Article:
author = "Daniel Sullivan and Chul Ahn and Ang Gao and Chantale Lacelle and Fernando Torres and Srinivas Bollineni and Amit Banga and Jessica Mullins and Manish Mohanka and Steve Ring and Michael Wait and Matthias Peltz and Pavan Duddupudi and Dhiraj Surapaneni and Vaidehi Kaza",
year = "2018",
month = "7",
day = "1",
doi = "10.1111/ctr.13285",
language = "English (US)",
volume = "32",
journal = "Clinical Transplantation",
issn = "0902-0063",
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TY - JOUR

T1 - Evaluation of current strategies for surveillance and management of donor-specific antibodies

T2 - Single-center study

AU - Sullivan, Daniel

AU - Ahn, Chul

AU - Gao, Ang

AU - Lacelle, Chantale

AU - Torres, Fernando

AU - Bollineni, Srinivas

AU - Banga, Amit

AU - Mullins, Jessica

AU - Mohanka, Manish

AU - Ring, Steve

AU - Wait, Michael

AU - Peltz, Matthias

AU - Duddupudi, Pavan

AU - Surapaneni, Dhiraj

AU - Kaza, Vaidehi

PY - 2018/7/1

Y1 - 2018/7/1

N2 - Background: Although the presence of donor-specific antibodies (DSA) is known to impact lung allograft, limited data exist regarding DSA management. Methods: We did a retrospective study at our center evaluating DSA management in adult lung transplant recipients undergoing lung transplantation between January 1, 2010 and June 30, 2014. Study follow-up was completed through October 2017. All recipients were stratified into 2 groups based on the presence or absence of DSA. Those with DSA were evaluated for the impact of treatment of DSA. The primary outcomes were postlung transplant survival and freedom from bronchiolitis obliterans syndrome (BOS), subset of chronic lung allograft dysfunction (CLAD). Simon-Makuch method was used to estimate overall survival and BOS-free survival to account for DSA as time-dependent covariate. Survival differences between the groups were analyzed using time-dependent Cox proportional hazards model. Results: Sixty-four percent of 194 total subjects developed post-lung transplant DSA. Overall survival was different with worse survival in the DSA positive group that never cleared DSA (P =.002). BOS-free survival was lower, but did not reach significance in this group. Response to treatment was poor, with only 12 of 47 (25.5%) who received treatment demonstrating clearance of DSA. Conclusions: Donor-specific antibodies prevalence is high after lung transplantation. Clearance of DSA correlated with improved outcomes. Current therapeutic strategies against DSA are relatively ineffective. Multicenter collaborative studies will be required to evaluate current treatment strategies and other innovative modalities.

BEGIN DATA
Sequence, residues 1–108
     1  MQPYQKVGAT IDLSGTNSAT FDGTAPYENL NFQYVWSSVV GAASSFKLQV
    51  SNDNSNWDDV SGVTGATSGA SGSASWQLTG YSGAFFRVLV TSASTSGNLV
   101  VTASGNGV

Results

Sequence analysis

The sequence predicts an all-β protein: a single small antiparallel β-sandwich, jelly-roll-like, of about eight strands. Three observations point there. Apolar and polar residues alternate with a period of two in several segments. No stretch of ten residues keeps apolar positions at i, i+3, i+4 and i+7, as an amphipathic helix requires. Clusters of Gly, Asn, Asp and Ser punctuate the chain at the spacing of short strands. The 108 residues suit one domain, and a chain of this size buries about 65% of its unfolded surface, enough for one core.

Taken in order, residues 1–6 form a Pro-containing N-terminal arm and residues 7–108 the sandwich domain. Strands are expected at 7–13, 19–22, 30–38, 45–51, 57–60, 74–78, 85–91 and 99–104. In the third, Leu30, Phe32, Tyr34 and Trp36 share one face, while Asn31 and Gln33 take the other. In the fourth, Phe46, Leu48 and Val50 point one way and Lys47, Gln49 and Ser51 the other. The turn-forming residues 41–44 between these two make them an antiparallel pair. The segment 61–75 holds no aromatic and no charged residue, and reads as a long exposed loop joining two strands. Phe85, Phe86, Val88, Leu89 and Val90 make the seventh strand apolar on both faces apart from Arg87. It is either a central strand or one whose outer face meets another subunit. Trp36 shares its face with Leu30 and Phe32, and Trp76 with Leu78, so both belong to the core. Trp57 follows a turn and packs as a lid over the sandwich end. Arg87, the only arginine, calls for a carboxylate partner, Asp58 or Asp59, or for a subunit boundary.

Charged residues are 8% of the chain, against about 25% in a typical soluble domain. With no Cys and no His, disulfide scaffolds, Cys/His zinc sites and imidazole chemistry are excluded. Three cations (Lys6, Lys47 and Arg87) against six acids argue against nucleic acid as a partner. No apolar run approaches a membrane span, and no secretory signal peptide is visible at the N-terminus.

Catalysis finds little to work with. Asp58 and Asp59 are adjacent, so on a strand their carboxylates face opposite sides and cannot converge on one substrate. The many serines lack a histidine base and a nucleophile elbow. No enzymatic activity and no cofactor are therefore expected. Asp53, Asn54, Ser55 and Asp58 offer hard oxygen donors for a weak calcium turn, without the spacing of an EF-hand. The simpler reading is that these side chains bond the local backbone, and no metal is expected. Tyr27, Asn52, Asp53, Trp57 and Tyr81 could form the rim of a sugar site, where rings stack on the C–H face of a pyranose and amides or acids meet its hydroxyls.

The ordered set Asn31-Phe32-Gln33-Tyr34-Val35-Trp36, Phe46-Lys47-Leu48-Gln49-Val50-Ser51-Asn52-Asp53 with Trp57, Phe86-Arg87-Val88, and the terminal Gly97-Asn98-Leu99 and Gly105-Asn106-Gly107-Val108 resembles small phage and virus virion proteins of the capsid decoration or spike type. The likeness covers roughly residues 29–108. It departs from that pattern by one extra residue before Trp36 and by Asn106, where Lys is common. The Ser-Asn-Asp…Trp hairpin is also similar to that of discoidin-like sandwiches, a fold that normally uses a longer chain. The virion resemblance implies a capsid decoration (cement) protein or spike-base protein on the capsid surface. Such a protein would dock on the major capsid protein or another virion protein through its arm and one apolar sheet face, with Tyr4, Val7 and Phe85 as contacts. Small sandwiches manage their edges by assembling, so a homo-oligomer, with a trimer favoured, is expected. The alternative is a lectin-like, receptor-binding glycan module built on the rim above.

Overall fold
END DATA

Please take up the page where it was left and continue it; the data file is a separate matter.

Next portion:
AB - Background: Although the presence of donor-specific antibodies (DSA) is known to impact lung allograft, limited data exist regarding DSA management. Methods: We did a retrospective study at our center evaluating DSA management in adult lung transplant recipients undergoing lung transplantation between January 1, 2010 and June 30, 2014. Study follow-up was completed through October 2017. All recipients were stratified into 2 groups based on the presence or absence of DSA. Those with DSA were evaluated for the impact of treatment of DSA. The primary outcomes were postlung transplant survival and freedom from bronchiolitis obliterans syndrome (BOS), subset of chronic lung allograft dysfunction (CLAD). Simon-Makuch method was used to estimate overall survival and BOS-free survival to account for DSA as time-dependent covariate. Survival differences between the groups were analyzed using time-dependent Cox proportional hazards model. Results: Sixty-four percent of 194 total subjects developed post-lung transplant DSA. Overall survival was different with worse survival in the DSA positive group that never cleared DSA (P =.002). BOS-free survival was lower, but did not reach significance in this group. Response to treatment was poor, with only 12 of 47 (25.5%) who received treatment demonstrating clearance of DSA. Conclusions: Donor-specific antibodies prevalence is high after lung transplantation. Clearance of DSA correlated with improved outcomes. Current therapeutic strategies against DSA are relatively ineffective. Multicenter collaborative studies will be required to evaluate current treatment strategies and other innovative modalities.

KW - chronic lung allograft dysfunction

KW - donor-specific antibodies

KW - lung transplantation

KW - rejection

KW - treatment of DSA